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Rough Transcript

Following is an auto-generated text transcript of this episode. Apologies for any errors!

Matt DeCoursey  0:01

And we’re back, back for another episode of Startup Hustle. Matt DeCoursey, here to have another conversation I’m hoping helps your business grow. So we’ve seen brands in general, some win, some lose. We’re going to talk a little bit today about what makes a winning brand. Now, before we get too far into that, I want to remind everyone that today’s episode of Startup Hustle is brought to you by FullScale.io. If you need to hire software engineers, testers, and leaders, Full Scale can help. Just go to FullScale.io. It takes about two minutes to fill out a form. Let us know what you need help with, and we will match you up with available service providers who are ready to go and help you be successful. And now, with me today, I’ve got a familiar face. I think so many of you probably are going to recognize who it is. It’s my one of my co-hosts, Andrew Morgan, the CEO and founder of Marknology and Amazon brand accelerator, out of Kansas City. Andrew, what’s up?


Andrew Morgans  0:58

What’s up? What’s up? Hopefully, they know my voice as well as they know my face. It’s gonna be an awesome show.


Matt DeCoursey  1:03

Yeah, well, they only know our voices. We’re like NFL players with helmets, like, you know, you might recognize the number, you might recognize the name, not so much the face. Well, actually, you can recognize the face. We’ve been publishing video highlights on pretty much all social media platforms. So maybe that’ll maybe we can maybe people will recognize who we are.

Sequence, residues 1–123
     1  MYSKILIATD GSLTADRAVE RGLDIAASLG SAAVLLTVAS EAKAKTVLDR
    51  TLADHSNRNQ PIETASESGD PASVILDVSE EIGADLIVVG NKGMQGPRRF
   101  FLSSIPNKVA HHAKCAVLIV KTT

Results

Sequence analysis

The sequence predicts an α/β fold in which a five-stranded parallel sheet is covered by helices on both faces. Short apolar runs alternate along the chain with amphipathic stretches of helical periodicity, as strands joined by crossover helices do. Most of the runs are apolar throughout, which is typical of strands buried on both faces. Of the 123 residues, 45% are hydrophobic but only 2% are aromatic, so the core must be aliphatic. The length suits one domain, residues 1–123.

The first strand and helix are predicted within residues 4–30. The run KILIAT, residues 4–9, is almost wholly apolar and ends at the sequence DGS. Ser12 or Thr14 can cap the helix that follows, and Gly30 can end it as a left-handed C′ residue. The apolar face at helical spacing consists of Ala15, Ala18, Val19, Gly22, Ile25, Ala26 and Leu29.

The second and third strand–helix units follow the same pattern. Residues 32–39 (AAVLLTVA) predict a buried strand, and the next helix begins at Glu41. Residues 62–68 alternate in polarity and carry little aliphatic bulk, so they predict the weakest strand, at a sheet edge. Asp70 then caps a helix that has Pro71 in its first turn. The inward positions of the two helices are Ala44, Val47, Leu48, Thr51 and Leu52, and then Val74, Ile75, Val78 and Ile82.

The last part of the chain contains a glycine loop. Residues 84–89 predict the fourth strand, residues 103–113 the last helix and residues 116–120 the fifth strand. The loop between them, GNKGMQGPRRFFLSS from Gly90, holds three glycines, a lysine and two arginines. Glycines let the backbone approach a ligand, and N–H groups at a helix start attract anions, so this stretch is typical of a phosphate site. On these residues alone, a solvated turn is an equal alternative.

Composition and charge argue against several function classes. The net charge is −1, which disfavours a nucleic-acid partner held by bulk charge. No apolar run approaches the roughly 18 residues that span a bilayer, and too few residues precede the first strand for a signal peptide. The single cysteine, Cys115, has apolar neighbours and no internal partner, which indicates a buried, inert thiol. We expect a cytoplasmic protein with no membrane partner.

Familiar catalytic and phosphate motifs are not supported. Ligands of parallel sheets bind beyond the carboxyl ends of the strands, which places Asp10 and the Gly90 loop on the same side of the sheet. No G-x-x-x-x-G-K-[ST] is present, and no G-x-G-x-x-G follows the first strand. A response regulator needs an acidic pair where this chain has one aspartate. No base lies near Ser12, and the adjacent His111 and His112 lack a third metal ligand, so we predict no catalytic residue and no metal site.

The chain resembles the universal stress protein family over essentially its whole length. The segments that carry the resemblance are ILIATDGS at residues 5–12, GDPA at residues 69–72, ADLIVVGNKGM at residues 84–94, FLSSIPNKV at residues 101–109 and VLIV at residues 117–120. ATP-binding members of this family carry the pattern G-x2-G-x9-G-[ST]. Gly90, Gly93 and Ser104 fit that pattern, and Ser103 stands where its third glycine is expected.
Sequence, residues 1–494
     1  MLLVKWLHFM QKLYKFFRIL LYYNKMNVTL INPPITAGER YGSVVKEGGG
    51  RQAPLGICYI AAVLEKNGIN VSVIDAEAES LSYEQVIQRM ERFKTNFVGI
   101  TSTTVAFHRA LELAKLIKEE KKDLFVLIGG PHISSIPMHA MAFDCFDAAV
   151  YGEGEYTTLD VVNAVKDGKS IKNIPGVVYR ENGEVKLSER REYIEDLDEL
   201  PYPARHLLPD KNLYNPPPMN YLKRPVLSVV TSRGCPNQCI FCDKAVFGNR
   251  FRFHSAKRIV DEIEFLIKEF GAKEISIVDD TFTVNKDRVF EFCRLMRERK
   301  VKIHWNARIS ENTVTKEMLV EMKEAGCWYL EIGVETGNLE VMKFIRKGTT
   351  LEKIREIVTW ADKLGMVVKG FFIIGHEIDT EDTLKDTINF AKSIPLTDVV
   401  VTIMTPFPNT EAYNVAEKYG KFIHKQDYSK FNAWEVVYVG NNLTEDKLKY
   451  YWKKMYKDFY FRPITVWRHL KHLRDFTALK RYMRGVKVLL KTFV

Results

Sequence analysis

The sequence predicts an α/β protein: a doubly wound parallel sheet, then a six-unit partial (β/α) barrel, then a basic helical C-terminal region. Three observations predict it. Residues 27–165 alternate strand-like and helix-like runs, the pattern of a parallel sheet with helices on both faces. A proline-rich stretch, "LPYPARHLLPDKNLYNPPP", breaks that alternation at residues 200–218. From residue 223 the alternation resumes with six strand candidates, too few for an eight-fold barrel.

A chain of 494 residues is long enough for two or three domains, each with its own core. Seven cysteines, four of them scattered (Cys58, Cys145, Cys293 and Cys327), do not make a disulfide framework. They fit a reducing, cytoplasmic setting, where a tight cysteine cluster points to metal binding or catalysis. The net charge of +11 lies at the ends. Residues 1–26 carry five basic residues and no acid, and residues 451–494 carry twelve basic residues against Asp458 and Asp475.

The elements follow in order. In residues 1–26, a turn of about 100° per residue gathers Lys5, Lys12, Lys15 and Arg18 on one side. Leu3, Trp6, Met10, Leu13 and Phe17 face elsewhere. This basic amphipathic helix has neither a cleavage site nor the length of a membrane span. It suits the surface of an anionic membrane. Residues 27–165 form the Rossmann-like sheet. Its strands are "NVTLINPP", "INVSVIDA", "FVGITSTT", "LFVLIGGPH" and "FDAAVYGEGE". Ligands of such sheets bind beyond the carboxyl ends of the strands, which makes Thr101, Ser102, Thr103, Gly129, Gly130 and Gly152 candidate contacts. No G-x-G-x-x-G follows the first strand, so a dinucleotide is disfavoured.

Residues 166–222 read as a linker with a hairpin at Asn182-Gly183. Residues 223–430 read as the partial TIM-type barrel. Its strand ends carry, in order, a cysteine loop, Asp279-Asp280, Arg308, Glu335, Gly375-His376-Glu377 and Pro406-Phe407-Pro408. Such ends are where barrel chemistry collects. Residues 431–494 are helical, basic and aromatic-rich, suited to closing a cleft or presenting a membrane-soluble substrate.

Andrew Morgans  1:26

Well, it’s good to see you, I can see you at least and it’s good to be back on the show. I’m excited to share some value with everybody today. We don’t get to chat that often. And I think 2023 has been an exciting year in E-commerce, the good, the bad, the ugly. And, you know, branding is not tied to just e-commerce, of course. But that’s the world I live in and happy to share anything, I think, might bring some value.


Matt DeCoursey  1:49

You know, when I think about, when you think about branding, I mean, what comes to mind?


Andrew Morgans  1:54

I think it is synonymous or likes with reputation and trust management, like, trust and reputation.


Matt DeCoursey  2:04

Yeah, I would say image, you know, the meaning not just like logo image, but like similar. The way you’re perceived, you know, you have some brands that run side by side with quality or value, and then you have some that don’t. And I think once your brand gets that label and that tag hung around its neck, kind of hard to get it off.


Andrew Morgans  2:30

Sure is. I think it’s just like you can build, you can spend a lifetime building a reputation as a person. And, you know, you can lose it in one, one instance, or one bad business decision or one bad moment, lapse of judgment. So I think of brand building a lot as reputation. And you know, whether that’s the way you appear, your visuals, it colors, your aesthetics, these are all things that say, Oh, I’ve seen that brand before. I’ve seen that font before. I’ve seen that face before. And feel like, you know.


Matt DeCoursey  2:58